Wednesday, September 26, 2012

Picture the Wenatchee photo contest ending soon...

Despite smoky conditions in Leavenworth there were still plenty of attendees at the Wenatchee River Salmon Festival this weekend. I was impressed with the amount and quality of the educational events featured at this year’s Salmonfest. I was able to check out some of the other activities and discovered that before this weekend I knew next to nothing about salmon. Did you know that millions of years ago salmon where ten feet long, had fangs, and weighed over 500 lbs!?
"Horseshoe Lake" Guy Crilly

While demonstrating healthy watersheds at Rolling Rivers I was reminded that our Picture the Wenatchee photo contest is ending soon!  If you didn’t already know, Picture the Wenatchee is our watershed stewardship campaign that promotes healthy rivers and streams. By pledging your support you can receive a free watershed care package! Of course the real prize will be the healthy rivers and streams you’ll be a part of creating. The photo contest will end on October 1st so if you’ve been meaning to submit those great photos you’ve taken, now is the time! We are still accepting entries in all categories but are especially in need of “Agriculture” photos. To submit your photos, check out previous winners, or read up on contest rules, visit
Your friend in conservastion conversation,

Wednesday, September 19, 2012

Weekend Fun!

Working on last years Rolling Rivers model
The 22nd annual Wenatchee River Salmon Festival will begin this weekend on Saturday at the Leavenworth National Fish Hatchery.  This natural resource education event is held each fall to celebrate the return of the salmon to the Wenatchee River. Saturday and Sunday will provide the public with the opportunity to come celebrate and learn about salmon and their significance to the region. We’ll be there with the Rolling Rivers watershed display. This giant sand box allows students to observe the effects that small changes to a river can have on the entire watershed system.  For more information about “SalmonFest” Check out their website at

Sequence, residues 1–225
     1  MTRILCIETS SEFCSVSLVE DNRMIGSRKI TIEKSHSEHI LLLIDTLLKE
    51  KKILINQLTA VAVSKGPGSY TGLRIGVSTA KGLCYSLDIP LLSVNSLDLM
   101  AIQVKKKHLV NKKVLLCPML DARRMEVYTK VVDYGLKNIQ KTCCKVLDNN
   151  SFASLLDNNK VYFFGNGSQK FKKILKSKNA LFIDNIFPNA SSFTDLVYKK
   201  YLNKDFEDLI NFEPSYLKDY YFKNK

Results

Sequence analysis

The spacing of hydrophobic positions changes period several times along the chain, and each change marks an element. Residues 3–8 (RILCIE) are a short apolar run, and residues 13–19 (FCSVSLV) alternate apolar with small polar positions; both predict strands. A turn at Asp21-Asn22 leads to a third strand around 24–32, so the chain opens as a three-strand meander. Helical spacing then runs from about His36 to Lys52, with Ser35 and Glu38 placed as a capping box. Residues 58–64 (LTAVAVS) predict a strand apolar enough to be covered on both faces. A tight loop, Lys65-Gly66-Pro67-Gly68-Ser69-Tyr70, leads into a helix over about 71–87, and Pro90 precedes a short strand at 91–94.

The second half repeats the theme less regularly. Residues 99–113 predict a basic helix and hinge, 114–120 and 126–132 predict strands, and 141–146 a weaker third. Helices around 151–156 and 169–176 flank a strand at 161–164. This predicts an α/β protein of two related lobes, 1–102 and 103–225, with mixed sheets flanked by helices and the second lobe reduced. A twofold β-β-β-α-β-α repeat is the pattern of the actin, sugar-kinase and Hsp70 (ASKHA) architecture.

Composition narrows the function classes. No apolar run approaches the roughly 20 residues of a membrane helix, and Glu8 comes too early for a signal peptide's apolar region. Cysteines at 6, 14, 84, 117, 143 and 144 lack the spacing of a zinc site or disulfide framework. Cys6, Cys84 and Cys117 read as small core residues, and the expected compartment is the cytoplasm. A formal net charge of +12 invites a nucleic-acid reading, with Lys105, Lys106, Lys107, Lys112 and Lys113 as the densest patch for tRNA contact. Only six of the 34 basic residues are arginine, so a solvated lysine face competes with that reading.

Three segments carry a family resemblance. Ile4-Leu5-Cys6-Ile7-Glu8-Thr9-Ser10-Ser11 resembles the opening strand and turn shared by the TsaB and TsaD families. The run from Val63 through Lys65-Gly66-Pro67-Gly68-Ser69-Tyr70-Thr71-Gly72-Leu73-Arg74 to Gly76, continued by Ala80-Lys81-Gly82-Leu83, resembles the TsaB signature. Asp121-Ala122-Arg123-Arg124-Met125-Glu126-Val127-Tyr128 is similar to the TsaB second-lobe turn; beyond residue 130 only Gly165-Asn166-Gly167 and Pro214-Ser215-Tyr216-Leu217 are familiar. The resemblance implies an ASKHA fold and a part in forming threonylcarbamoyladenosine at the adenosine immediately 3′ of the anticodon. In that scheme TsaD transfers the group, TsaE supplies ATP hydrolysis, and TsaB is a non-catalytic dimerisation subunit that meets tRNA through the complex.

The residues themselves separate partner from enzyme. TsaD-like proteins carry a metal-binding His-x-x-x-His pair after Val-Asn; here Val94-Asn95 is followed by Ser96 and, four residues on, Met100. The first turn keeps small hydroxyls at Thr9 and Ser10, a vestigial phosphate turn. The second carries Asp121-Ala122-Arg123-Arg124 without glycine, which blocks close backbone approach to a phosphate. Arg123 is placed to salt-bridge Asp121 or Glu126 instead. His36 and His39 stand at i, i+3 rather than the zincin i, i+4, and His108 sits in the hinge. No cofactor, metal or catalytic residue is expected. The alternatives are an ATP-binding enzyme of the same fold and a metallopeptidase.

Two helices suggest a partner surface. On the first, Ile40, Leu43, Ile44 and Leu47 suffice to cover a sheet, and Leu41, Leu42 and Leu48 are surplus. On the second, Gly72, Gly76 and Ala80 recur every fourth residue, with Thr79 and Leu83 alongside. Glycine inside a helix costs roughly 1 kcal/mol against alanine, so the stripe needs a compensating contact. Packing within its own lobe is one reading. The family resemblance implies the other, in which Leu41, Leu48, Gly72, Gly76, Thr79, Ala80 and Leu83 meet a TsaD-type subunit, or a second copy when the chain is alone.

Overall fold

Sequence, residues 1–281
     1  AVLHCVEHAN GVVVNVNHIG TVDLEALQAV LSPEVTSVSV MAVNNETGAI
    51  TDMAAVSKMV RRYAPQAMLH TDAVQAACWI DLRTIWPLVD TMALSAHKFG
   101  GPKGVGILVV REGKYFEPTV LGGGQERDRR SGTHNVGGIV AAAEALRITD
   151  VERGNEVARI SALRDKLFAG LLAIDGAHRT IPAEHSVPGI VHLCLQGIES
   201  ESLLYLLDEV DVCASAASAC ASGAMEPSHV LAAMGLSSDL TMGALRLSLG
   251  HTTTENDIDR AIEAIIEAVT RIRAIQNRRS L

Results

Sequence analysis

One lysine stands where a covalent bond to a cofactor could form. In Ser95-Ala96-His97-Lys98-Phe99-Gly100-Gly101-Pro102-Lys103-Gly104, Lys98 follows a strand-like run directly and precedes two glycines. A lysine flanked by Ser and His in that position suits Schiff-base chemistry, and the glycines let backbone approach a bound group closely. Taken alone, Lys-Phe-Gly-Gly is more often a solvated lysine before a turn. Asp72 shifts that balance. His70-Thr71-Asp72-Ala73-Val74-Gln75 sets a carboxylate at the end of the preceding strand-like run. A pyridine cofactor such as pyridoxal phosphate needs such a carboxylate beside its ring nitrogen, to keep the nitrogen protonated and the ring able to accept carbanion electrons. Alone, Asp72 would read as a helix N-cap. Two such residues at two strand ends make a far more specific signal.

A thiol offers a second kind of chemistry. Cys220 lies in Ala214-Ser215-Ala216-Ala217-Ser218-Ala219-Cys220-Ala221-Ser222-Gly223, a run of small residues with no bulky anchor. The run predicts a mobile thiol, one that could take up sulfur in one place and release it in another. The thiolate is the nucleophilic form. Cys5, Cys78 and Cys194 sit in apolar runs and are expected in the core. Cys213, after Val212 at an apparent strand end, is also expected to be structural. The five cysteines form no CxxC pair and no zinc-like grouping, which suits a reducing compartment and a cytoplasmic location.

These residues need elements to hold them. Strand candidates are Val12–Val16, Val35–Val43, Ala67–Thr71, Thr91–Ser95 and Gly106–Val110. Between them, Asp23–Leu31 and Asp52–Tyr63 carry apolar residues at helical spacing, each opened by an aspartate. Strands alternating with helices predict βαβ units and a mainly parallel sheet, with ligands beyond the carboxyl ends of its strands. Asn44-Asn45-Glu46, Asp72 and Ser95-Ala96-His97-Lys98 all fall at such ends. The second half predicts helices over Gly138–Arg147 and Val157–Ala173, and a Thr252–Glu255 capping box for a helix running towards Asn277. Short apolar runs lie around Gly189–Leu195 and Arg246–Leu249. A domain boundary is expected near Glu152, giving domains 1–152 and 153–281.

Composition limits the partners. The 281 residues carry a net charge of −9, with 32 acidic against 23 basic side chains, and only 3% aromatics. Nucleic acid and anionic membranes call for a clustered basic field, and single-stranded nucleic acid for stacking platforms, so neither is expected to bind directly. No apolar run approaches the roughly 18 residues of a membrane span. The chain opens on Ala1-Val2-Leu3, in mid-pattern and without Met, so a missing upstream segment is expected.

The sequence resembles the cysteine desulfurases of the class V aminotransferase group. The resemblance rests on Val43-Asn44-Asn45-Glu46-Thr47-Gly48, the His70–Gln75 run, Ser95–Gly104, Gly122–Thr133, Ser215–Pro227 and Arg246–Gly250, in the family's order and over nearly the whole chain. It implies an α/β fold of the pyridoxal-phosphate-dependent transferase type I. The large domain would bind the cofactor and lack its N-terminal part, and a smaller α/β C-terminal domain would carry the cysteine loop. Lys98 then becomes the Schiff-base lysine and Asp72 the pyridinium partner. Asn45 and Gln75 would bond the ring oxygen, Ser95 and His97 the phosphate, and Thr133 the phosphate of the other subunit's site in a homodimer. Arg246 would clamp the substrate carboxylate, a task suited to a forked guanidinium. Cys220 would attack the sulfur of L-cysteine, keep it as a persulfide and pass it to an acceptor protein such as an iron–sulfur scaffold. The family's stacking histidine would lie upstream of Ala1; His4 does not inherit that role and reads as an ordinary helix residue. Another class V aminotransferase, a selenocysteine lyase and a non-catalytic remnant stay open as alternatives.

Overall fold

Having fun playing in the sand!
This will be my first Salmon Festival experience and I’m excited. I keep hearing about what a great event it is and how much everyone enjoys it.  This event will be especially interesting for me because so many of the activities highlight some of the Pacific Northwest’s attributes. I’m really looking forward to seeing the local artists’ sidewalk chalk art.  With music, food, “edutainment”, and more it seems like Salmon Fest has something for everyone and I can’t wait!  Hope to see you there!

Your friend in conservation conversation,

Wednesday, September 12, 2012

Welcome to Washington

 photo by Mike Cushman
Hi, my name is Jon and I’m the new AmeriCorps volunteer working at the Cascadia Conservation District. Most of you are probably already aware that Cascadia’s past AmeriCorps volunteers have been responsible for keeping you updated on what’s happening here via this blog. However, some of you may not know what exactly AmeriCorps is and what their role with Cascadia Conservation District and the rest of the community is. So before I tell you who I am I’d like to briefly explain AmeriCorps.
AmeriCorps is a national service program similar to the Peace Corps that allows people to serve communities in a variety of areas including education, environmental restoration, human needs, and many others. Unlike the Peace Corps, AmeriCorps members serve in communities here in the U.S. There are about 85,000 AmeriCorps volunteers working all over the country and this year I’m one of them. Cascadia Conservation District has partnered with AmeriCorps since 2008 and has used their volunteers for a variety of tasks and projects including this blog.